Ella Diaz, assistant professor of English (ENGL) and Latino studies (LSP).About Ella Maria Diaz: Ella Maria Diaz is Assistant Professor of English and Latino Studies at Cornell University and the author of Flying Under the Radar with the Royal Chicano Air Force (University of Texas Press, forthcoming 2017). She earned her Ph.D. in American Studies from the College of William and Mary, teaching several courses at William and Mary and developing the College’s first Chicana Literature course in spring 2005. Her research pertains to the interdependence of Chicano/a and U.S. Latino/a literary and visual cultures.  She was a Lecturer in The School of Interdisciplinary Studies at the San Francisco Art Institute between 2006 until 2012. Diaz has published through Aztlán: A Journal of Chicano Studies, U.C. Santa Barbara’s ImaginArte, and in Chicana/Latina Studies: The Journal of Mujeres Activas en Letras y Cambio Social.

City Lights: If you’ve been to City Lights before, what’s your memory of the visit? If you haven’t been here before, what are you expecting?

Stephanie Sauer: The Poetry Room. All I remember is the Poetry Room, that it held all of my favorites. That I stayed there all afternoon. That I didn’t want to leave. That I didn’t have enough money, but bought a book of poems by Adrienne Rich on credit anyway. That I glued the receipt into my notebook.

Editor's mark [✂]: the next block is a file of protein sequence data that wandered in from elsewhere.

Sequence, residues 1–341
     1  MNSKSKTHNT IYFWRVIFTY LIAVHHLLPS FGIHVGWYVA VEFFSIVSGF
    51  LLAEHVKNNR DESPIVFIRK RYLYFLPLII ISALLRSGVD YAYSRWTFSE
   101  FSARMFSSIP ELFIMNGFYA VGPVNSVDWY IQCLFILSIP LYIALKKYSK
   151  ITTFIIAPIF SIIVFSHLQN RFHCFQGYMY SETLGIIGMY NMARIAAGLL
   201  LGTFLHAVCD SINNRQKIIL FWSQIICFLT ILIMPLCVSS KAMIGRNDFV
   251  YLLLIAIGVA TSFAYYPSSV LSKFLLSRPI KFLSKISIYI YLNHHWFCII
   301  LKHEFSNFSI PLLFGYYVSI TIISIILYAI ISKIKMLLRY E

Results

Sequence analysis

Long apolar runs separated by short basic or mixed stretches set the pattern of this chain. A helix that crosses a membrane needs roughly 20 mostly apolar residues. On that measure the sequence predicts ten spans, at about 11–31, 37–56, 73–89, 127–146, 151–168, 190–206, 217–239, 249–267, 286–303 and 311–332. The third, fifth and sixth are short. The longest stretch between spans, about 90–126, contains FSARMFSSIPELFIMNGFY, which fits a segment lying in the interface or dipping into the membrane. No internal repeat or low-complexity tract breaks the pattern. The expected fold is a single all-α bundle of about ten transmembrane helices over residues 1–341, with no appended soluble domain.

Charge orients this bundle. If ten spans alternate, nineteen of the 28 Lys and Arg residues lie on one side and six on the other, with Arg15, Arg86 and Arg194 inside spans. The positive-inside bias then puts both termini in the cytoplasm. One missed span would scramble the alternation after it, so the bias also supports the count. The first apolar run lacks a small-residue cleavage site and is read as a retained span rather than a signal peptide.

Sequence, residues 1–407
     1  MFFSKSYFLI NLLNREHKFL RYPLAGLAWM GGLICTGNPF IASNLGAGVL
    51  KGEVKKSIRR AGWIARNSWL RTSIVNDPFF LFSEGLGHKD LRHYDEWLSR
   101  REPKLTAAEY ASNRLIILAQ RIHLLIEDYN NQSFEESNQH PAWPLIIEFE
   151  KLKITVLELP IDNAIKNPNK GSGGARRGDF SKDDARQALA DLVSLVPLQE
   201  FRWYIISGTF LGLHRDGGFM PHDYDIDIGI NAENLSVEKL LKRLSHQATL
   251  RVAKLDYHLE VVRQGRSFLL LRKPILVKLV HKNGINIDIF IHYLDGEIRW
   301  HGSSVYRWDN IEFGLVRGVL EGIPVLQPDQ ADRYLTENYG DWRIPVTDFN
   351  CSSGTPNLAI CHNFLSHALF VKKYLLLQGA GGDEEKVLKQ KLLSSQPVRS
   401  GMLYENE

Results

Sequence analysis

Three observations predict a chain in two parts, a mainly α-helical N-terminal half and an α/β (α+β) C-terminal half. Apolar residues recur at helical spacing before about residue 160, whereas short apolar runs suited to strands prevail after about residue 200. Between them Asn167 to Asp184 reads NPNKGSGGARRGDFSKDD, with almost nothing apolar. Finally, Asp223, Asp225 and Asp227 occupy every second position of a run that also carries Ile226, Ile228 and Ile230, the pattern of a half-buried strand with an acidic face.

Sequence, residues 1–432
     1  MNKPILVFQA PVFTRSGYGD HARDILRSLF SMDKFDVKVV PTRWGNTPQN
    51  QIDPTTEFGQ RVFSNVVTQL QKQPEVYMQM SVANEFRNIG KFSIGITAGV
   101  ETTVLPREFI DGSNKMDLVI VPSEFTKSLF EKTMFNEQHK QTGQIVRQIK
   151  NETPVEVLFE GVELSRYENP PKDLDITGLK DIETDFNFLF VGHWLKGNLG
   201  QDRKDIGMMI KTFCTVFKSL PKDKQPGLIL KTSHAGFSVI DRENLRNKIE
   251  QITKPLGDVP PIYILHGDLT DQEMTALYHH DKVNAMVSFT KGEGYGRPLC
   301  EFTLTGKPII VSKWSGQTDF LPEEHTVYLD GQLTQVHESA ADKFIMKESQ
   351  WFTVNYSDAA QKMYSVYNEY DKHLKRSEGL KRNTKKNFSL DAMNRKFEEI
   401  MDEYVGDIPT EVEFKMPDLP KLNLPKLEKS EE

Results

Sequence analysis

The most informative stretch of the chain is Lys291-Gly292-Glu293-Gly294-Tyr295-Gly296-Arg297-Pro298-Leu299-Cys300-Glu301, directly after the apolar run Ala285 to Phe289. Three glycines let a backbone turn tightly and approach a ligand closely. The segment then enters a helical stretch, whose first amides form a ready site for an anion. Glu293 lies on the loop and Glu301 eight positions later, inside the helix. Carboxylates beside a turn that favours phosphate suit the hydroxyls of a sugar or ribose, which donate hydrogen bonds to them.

CL: If your book had a soundtrack, what would it sound like?

SS: There would be two soundtracks for the book: one that belonged to the book itself, and one that belonged to me in its making. I can really only speak to the latter, and that one would include a fuck ton of Malo, Ozomatli, Trio Casindio, Inti-Illimani, Aztlan Underground, Joanna Newsom, Quetzal, Manu Chao, M.I.A., Balkan Beat Box, Esteban Villa, Jorge Ben (not Jorge Ben Jor), Tom Zé, Clara Nunes. The book took nine years to compose. I’ll spare you the full citation list.

CL: What’s the first book you actually finished reading?

SS: That depends upon what you consider a book to be. The first song my father sang to me was “Sweet Baby James.” A lullaby. I memorized Green Eggs and Ham by the age of three and knew just when to turn the pages. I consider those reading enough.

CL: If you didn’t have your current job, what might you do?

SS: Have no good reason to leave my studio.

CL: Name a few things you’d require if stranded on a desert island for an undefined period of time (and, yes, no wifi). 

SS: A needle and a pen. And a toothbrush, maybe.


Join us this Thursday, June 22, 2016 at 7PM for Stephanie’s special presentation with Ella Maria Diaz all about her new book The Accidental Archives of the Royal Chicano Air Force, published by University of Texas Press.

For more about Stephanie, go to her official site. Check out our complete events calendar for events happening this summer. And you’ll definitely want to see the dozens of other authors who have answered our 5 questions the last couple of seasons.